If you want to create some mystery, right out of the gate, then have something missing that really ought to be there. Look at how horror writer Patricia Windsor manages that in The Blooding:
They were found in the woods, curiously and awkwardly lying in the first leaves of autumn. The girl had fallen on top of the man’s back; her chin rested on his shoulder. The man’s head was twisted slightly, as if he had tried to say some final word to her before he died.
The man had been shot between the eyes, the girl over her right ear….
Both were completely nude and without shoes. There were no clothes in the near vicinity; yet neither were there any signs of a struggle to suggest they had been forcibly disrobed…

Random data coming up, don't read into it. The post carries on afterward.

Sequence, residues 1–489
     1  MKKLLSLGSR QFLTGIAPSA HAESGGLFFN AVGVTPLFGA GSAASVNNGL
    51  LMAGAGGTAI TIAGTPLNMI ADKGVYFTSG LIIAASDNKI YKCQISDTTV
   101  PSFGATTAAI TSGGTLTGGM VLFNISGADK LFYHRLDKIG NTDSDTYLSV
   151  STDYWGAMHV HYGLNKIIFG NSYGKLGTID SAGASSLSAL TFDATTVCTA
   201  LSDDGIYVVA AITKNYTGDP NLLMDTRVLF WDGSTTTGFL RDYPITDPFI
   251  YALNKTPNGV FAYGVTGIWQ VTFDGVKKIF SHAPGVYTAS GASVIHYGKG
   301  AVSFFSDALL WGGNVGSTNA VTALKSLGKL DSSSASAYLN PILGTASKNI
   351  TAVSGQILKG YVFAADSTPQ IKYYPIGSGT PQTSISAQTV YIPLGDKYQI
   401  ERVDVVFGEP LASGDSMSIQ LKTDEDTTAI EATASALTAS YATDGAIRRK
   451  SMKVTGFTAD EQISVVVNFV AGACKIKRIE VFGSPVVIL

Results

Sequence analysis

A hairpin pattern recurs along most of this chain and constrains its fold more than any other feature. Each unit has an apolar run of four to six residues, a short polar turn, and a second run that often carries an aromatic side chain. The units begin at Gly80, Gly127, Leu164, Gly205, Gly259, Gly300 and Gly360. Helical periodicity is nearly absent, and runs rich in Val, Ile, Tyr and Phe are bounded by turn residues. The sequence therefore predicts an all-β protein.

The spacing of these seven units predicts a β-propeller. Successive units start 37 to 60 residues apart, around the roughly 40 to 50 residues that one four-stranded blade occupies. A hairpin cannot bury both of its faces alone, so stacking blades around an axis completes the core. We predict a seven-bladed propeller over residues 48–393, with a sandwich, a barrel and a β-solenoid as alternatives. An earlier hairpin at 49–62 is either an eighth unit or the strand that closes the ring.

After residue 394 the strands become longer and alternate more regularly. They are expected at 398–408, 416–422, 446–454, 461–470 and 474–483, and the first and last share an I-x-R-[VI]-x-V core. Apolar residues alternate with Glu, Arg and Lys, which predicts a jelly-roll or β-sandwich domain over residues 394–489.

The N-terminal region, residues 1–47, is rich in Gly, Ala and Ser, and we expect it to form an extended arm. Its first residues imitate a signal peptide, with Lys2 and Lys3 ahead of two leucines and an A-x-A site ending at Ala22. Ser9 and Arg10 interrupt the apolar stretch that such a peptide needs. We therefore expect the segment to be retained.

A very strange situation, wouldn’t you agree? Killers don’t usually steal their victims’ clothes–they could be used as evidence to tie them to the killing. It’s a weird twist, something you don’t usually see. The clothes should be there, or at least, nearby. What happened to the clothes???
Think of a setting that people know well. Now, in your description of that place, work in a detail of something everyone would expect to see there that is now missing.
Coming tomorrow: a bit of hyperbole to add drama in your horror fiction!